All right, only GMs left? Great, so the respective sublevels all have their individual taste, the first of which would be kobold caverns, sporting a corridor of exploding doors hiding the proper caverns. The kobolds are domesticating protean jellies in a rather nice take on dungeon-ecology. At the same time, their leader King Lickabutt XXIII and his familiar Buttlick’s names may elicit some groans from some readers.
There would also be an interesting undead-themed mini-dungeon that sports skeletons that animate depending on whether they’re in light or darkness – which is a cool idea that could have been used to make the level favor the smart and provide a significant challenge, but as presented, it’s pretty easy. Beyond a pretty run-of-the-mill orc-dungeon, a filthy dungeon covered in sticky slime (difficult terrain) is more interesting.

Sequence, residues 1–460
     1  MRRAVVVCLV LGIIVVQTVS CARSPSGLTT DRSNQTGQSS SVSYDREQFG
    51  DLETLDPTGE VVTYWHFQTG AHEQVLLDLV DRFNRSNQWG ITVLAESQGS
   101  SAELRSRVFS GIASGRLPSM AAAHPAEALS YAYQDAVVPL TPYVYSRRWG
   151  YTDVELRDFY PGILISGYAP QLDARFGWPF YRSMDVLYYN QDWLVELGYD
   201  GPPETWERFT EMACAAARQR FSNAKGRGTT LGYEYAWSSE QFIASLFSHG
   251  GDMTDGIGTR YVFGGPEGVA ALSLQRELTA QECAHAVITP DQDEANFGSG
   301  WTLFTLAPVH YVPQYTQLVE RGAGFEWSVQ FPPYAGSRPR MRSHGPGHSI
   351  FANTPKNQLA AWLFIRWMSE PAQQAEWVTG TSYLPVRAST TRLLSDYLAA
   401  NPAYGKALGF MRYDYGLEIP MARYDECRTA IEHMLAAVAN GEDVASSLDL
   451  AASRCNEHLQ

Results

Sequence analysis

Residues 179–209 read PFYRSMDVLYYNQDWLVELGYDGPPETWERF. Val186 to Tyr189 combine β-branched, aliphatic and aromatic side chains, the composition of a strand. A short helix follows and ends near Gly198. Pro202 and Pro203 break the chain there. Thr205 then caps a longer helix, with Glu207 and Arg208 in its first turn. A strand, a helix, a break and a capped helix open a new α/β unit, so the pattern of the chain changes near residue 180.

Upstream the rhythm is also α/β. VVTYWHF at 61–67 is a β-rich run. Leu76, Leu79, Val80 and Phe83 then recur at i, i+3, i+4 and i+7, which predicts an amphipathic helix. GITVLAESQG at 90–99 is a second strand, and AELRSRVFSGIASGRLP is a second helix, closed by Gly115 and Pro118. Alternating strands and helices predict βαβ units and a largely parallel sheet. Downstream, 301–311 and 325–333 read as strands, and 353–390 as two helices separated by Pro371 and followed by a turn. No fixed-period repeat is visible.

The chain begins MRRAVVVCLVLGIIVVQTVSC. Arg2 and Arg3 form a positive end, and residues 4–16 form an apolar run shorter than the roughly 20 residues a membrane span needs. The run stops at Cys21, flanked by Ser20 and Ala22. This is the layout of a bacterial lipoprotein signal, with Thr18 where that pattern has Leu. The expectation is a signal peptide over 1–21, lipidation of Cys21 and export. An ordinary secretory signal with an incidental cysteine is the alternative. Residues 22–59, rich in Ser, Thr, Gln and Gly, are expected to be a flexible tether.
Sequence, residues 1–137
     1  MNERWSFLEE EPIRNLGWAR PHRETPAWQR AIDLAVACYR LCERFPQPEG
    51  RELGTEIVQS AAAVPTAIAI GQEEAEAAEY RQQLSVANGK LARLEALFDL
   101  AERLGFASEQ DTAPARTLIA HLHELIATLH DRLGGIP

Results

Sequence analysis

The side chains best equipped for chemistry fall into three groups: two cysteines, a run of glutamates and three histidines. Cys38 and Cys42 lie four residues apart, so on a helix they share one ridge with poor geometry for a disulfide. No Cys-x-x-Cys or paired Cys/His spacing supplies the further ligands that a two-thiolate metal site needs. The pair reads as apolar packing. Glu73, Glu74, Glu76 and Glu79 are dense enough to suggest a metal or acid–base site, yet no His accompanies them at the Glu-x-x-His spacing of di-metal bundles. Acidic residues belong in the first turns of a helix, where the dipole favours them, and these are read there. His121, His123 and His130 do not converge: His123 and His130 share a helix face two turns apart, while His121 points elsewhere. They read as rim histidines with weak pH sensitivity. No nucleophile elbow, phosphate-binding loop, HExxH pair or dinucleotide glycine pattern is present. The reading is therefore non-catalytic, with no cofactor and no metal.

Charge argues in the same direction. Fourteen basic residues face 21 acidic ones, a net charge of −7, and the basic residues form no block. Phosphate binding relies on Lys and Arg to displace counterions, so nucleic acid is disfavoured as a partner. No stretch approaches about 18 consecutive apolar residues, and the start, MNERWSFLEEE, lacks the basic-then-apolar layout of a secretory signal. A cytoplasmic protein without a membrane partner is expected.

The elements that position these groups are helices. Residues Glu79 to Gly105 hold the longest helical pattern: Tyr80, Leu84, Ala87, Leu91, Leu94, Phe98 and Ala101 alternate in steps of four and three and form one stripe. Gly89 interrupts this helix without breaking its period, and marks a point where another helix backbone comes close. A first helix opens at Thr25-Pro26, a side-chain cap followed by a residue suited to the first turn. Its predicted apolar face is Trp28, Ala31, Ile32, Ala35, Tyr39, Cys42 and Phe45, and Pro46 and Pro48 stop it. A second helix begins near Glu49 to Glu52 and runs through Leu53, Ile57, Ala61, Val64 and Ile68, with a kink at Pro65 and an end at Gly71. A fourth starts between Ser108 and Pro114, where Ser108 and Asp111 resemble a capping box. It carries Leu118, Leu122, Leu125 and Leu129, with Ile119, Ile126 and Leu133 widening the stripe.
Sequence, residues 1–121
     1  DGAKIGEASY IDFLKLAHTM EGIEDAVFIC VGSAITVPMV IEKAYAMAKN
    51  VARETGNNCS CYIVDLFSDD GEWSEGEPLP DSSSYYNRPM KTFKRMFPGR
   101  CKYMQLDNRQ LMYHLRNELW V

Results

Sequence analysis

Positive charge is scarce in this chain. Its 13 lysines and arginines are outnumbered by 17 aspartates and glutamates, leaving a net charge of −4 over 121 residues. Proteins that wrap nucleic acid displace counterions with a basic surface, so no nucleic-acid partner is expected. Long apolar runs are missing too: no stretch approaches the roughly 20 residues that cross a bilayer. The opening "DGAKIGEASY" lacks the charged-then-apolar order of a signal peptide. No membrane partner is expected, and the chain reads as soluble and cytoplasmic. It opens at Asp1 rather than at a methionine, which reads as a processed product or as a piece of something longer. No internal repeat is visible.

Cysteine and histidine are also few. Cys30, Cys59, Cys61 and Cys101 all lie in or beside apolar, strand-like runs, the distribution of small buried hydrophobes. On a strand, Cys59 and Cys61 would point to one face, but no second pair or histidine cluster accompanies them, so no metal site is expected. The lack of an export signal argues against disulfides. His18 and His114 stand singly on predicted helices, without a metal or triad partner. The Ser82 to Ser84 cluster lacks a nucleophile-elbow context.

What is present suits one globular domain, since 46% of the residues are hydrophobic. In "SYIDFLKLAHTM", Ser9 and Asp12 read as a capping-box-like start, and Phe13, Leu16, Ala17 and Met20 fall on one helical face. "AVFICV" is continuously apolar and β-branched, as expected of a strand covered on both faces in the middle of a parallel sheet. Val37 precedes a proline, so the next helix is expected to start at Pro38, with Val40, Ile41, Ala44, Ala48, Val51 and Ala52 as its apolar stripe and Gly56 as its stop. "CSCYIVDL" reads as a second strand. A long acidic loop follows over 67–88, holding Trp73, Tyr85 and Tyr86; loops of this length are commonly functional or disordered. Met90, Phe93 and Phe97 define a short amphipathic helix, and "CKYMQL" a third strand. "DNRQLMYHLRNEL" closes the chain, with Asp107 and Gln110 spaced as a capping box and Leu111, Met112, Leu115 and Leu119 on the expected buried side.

Here, the dungeon breaks from the level by level formula and instead goes on to present the exploration of the upper highway and the first trial/gauntlet, which, btw., constitute size-wise smaller dungeon-levels of their own. The training ground would constitute a more uncommon level – here, the dungeon not only sports a potentially lethal adventuring training ground, it’s also the first time the players REALLY need their wits, with multiple levers and moving platforms (and prohibited flying/climb-enhancers) making this partially a platformer level in the vein of old NES-classics – basically, it constitutes a kind of puzzle…and yes, the level sports riddles and a subquest that pertains the ultimate riddle.